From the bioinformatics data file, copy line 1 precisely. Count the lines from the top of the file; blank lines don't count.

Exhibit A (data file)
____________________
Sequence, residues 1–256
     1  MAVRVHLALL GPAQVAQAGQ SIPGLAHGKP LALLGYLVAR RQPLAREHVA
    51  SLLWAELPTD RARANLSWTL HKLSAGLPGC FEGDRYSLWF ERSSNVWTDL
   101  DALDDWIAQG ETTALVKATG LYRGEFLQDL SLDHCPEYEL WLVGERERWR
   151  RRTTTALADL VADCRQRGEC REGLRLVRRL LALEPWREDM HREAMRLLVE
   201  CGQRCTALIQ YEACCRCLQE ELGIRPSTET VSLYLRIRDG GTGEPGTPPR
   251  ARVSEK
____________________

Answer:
Sequence, residues 1–256